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If you are that concerned about weight then I think your best bet is to weigh the truck then hookup the trailer and weigh it all. I think you will be surprised at the numbers. For one thing a weight distributing hitch will move some of that hitch weight back to the trailer. You want to be sure and get axle weights and not just totals.
 

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I have the airbags but always have wondered what my max payload is with them. The bags I think are rated at 3500 to 5200 pounds, can't remember what mine are rated at. They are firestones if anyone knows. Does this mean I could put 3000 pounds in my bed or would my actual axle be close to the breaking point? I was thinking about getting 3000 pounds of bagged manure for my yard in one trip. I just don't want to break my axle. I know the bags will handle it but what about the truck? I could always make a couple of trips but would really like to impress the Home Depot guy. :D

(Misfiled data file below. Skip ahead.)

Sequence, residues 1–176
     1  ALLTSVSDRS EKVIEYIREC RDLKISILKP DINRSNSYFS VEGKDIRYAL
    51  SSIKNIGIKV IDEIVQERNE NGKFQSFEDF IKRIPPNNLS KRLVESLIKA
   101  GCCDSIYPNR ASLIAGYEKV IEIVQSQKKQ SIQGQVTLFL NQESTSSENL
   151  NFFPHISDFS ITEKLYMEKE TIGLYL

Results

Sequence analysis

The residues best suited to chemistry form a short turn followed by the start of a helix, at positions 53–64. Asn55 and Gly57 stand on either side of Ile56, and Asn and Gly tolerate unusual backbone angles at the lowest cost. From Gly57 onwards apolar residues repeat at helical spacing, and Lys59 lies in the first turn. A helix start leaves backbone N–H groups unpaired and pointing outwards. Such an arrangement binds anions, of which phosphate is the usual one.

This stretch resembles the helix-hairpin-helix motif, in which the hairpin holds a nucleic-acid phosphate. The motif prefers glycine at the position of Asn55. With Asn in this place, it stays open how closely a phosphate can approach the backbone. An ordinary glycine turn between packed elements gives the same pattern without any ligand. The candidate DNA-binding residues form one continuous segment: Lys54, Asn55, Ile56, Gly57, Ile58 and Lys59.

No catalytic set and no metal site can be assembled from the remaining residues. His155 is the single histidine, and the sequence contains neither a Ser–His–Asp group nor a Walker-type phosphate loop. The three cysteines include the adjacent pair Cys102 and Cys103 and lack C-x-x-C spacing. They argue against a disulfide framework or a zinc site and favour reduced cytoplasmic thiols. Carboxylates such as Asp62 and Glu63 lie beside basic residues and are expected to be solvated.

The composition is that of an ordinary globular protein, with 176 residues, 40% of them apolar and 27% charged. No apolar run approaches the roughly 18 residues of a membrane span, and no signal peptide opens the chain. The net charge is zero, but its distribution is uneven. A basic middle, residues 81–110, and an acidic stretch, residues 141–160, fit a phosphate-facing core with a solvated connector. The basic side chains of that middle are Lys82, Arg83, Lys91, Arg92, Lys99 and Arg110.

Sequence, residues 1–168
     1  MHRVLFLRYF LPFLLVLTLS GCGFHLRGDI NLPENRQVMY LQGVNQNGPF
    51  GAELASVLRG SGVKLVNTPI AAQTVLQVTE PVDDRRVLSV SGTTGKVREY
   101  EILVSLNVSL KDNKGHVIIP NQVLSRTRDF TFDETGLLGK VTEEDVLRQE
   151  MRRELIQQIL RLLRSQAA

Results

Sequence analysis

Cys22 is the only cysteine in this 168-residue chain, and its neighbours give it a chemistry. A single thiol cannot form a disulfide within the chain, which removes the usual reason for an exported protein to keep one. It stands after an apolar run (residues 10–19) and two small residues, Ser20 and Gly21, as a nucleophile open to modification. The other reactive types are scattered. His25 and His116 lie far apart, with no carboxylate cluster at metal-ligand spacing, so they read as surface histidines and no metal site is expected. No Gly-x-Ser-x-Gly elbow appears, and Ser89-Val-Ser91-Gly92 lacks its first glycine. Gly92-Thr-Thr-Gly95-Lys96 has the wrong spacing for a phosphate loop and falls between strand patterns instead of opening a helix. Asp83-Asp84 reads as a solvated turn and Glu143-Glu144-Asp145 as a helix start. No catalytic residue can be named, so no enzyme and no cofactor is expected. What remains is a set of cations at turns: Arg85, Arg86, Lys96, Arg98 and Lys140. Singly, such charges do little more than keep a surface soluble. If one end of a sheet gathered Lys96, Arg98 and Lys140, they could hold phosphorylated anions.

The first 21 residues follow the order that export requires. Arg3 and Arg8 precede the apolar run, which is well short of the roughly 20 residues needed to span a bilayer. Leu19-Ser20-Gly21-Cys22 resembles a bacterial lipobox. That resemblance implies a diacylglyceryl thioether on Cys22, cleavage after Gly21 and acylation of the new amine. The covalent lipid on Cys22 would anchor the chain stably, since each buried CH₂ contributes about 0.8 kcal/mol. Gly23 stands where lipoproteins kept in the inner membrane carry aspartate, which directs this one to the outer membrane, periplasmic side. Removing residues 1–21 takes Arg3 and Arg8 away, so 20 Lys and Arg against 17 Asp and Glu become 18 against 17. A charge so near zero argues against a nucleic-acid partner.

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I have the airbags but always have wondered what my max payload is with them. The bags I think are rated at 3500 to 5200 pounds, can't remember what mine are rated at. They are firestones if anyone knows. Does this mean I could put 3000 pounds in my bed or would my actual axle be close to the breaking point? I was thinking about getting 3000 pounds of bagged manure for my yard in one trip. I just don't want to break my axle. I know the bags will handle it but what about the truck? I could always make a couple of trips but would really like to impress the Home Depot guy. :D